Entries linking to unoccupied
prefix of negation, Old English un-, from Proto-Germanic *un- (source also of Old Saxon, Old Frisian, Old High German, German un-, Gothic un-, Dutch on-), from PIE *n- (source of Sanskrit a-, an- "not," Greek a-, an-, Old Irish an-, Latin in-), combining form of PIE root *ne- "not." Often euphemistic (such as untruth for "lie").
The most prolific of English prefixes, freely and widely used in Old English, where it forms more than 1,000 compounds. It underwent a mass extinction in early Middle English, but emerged with renewed vigor 16c. to form compounds with native and imported words. It disputes with Latin-derived cognate in- (1) the right to form the negation of certain words (indigestable/undigestable, etc.), and though both might be deployed in cooperation to indicate shades of meaning (unfamous/infamous), typically they are not.
It also makes words from phrases (such as uncalled-for, c. 1600; undreamed-of, 1630s; uncome-at-able, 1690s; unputdownable, 1947, of a book; un-in-one-breath-utterable, Ben Jonson; etc., but the habit is not restricted to un-; such as put-up-able-with, 1812). As a prefix in telegramese to replace not and save the cost of a word, it is attested by 1936.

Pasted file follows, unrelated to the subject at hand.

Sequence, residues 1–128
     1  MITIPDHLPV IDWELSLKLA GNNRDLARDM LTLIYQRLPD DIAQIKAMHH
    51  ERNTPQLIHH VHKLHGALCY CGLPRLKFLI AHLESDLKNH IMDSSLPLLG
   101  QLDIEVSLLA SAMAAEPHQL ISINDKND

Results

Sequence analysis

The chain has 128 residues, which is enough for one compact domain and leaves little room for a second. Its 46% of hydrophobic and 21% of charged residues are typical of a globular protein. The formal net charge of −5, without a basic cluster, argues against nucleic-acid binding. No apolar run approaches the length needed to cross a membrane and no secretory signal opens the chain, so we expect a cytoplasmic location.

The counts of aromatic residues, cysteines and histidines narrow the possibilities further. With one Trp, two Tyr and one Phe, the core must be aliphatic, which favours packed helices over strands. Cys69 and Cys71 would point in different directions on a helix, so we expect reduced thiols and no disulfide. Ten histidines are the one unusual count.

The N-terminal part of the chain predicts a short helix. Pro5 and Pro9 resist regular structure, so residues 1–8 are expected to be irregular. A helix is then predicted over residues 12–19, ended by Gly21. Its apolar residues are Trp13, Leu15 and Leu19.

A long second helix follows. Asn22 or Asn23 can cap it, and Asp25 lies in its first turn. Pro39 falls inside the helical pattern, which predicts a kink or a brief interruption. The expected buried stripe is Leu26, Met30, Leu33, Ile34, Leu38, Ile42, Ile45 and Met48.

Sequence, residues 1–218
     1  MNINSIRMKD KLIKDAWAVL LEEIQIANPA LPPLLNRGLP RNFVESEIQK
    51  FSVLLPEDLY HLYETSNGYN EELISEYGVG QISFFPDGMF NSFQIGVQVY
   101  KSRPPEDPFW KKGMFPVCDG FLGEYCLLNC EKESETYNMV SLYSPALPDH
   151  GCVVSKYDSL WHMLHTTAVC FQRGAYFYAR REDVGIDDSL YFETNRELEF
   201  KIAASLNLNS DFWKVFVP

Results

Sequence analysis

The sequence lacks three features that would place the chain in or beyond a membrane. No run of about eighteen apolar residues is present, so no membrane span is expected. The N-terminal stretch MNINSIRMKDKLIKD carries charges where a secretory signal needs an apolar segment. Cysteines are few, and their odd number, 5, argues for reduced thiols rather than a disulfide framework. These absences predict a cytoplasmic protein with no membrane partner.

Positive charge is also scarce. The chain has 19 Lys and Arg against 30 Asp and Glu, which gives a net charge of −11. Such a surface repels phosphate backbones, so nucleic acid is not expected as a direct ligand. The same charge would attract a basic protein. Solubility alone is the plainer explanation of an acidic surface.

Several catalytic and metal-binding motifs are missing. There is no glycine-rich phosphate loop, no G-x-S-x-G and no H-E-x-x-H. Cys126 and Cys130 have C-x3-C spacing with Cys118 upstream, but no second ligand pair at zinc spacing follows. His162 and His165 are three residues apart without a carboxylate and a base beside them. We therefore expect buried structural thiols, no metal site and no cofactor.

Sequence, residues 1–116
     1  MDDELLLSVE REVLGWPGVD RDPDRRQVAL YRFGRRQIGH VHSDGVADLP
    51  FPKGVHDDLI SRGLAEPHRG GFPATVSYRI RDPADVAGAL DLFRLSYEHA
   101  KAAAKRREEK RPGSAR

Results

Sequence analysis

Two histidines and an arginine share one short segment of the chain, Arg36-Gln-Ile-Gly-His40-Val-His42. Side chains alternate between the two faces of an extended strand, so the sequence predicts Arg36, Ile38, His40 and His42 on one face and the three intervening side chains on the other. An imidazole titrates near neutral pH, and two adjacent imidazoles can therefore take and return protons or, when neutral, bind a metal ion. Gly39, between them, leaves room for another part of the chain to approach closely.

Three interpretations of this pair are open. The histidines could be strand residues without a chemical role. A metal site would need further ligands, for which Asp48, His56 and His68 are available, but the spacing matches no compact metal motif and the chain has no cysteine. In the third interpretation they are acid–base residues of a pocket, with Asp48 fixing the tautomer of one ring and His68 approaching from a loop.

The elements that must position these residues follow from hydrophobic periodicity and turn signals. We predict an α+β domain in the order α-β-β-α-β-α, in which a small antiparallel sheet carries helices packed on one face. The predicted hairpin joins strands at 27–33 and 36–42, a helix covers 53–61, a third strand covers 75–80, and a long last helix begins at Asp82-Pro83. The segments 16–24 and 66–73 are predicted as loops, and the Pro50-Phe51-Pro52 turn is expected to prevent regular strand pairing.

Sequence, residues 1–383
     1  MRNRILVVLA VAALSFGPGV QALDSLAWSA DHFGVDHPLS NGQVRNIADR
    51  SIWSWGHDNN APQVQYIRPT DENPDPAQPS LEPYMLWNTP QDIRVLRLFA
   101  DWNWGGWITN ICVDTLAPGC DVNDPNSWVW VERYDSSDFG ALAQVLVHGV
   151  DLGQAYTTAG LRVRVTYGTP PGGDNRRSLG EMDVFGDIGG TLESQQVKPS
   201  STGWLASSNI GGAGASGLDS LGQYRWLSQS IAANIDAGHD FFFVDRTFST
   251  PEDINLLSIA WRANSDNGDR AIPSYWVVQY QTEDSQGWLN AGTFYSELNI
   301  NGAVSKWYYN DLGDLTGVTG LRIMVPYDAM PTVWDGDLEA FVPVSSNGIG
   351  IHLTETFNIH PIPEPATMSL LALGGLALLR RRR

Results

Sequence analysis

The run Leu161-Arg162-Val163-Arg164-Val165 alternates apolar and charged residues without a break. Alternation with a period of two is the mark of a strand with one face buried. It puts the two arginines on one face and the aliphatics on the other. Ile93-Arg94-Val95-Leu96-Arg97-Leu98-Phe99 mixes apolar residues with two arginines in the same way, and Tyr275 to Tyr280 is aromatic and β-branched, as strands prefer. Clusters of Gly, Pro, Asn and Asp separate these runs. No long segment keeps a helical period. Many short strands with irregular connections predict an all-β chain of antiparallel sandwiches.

mid-14c., occupien, "to take possession of and retain or keep," also "to take up space or room or time; employ (someone)," irregularly borrowed from Old French ocuper, occuper "occupy (a person or place), hold, seize" (13c.) or directly from Latin occupare "take over, seize, take into possession, possess, occupy," from ob "over" (see ob-) + intensive form of capere "to grasp, seize," from PIE root *kap- "to grasp."
The final syllable of the English word is difficult to explain, but it is as old as the record; perhaps it is from a modification made in Anglo-French. During 16c.-17c. the word was a common euphemism for "have sexual intercourse with" (a sense attested from early 15c.), which caused it to fall from polite usage.
"A captaine? Gods light these villaines wil make the word as odious as the word occupy, which was an excellent good worde before it was il sorted." [Doll Tearsheet in "2 Henry IV"]
During the same time occupant could mean "prostitute." Related: Occupied; occupying.
updated on February 28, 2014